Yet, predictably, the probabilities don’t line up in a single direction. So an investor trying to decipher the lessons of the past has to play a game of Always, Usually, Seldom and Never, classifying the evidence accordingly. 


The S&P 500 rebounded by nearly 20% in the second quarter, only the tenth calendar quarter since World War II when it gained more than 15%. Following the prior nine quarters, the index was always up the following three months, for an average of 9%, with the smallest advance an impressive 4%, according to Bespoke Investment Group.

In the ferocious bounce and follow-through rally off the climactic market low in late March, a series of rare “breadth thrust” readings were registered, measuring intense momentum and voracious demand for virtually every stock following the comprehensive liquidation through March.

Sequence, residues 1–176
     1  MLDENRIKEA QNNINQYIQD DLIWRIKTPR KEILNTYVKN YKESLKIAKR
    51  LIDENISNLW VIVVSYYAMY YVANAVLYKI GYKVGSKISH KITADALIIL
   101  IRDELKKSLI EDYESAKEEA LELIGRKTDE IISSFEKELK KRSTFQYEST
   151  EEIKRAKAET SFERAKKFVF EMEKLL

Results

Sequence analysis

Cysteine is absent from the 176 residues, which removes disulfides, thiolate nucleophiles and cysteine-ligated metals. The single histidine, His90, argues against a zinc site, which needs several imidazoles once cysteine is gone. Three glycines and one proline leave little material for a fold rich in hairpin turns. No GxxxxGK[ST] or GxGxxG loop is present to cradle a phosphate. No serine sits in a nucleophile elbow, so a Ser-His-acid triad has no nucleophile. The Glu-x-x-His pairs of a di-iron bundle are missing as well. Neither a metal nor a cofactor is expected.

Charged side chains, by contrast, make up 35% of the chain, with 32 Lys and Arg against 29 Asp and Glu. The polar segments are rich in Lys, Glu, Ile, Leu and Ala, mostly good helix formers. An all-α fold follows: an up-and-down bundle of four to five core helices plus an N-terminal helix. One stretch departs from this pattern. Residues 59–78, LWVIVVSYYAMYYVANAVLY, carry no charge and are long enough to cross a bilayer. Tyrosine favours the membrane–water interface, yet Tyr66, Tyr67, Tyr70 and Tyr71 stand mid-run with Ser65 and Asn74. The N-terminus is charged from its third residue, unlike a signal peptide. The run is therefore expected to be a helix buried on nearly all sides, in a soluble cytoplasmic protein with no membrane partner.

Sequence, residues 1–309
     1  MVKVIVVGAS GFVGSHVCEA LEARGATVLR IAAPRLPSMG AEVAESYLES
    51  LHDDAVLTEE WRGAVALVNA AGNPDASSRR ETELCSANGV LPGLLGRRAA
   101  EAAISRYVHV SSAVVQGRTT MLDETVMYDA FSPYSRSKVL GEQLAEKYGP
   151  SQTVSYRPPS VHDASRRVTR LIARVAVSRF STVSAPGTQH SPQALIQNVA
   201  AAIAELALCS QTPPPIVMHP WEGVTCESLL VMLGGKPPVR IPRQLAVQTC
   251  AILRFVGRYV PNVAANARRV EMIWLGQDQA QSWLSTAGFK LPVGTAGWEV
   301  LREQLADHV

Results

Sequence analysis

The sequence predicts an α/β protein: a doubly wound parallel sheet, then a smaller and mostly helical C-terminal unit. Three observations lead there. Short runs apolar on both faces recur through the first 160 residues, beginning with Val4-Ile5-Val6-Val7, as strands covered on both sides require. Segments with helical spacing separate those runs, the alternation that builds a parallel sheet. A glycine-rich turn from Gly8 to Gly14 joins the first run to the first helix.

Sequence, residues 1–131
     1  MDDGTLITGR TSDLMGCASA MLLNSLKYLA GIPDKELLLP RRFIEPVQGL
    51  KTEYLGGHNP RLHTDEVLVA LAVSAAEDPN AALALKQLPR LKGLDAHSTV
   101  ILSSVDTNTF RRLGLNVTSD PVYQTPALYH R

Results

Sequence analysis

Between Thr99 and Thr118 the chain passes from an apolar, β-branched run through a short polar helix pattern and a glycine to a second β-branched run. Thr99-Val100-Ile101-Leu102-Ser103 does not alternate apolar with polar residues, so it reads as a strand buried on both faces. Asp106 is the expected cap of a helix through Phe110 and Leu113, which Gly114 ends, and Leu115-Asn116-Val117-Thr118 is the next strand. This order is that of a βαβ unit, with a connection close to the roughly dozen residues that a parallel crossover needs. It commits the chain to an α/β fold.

One of these readings, tracked for years by Ned Davis Research, comes when at least 90% of all S&P 500 stocks surpass their 50-day moving average. This threshold was reached May 26. In the prior 19 times this has occurred since 1967, the S&P was always up over the following year, by an average of 17%.

Unanimity is rare when it comes to historical patterns, so these so-far foolproof setups have won plenty of attention and lend some weight to the “don’t fight the tape” bullish case.

Still, these analyses cover very narrowly defined conditions, and neither ten nor 19 instances from the past remotely approaches a statistically robust sample.


Then there’s the fact that they don’t quite fit with some circumstances that usually occur in situations like the one this market is in.

Let’s not forget that the power and persistence of the recent rally has come in part as a not-quite-equal reversal of similarly rare downside momentum and oversold conditions of the preceding collapse.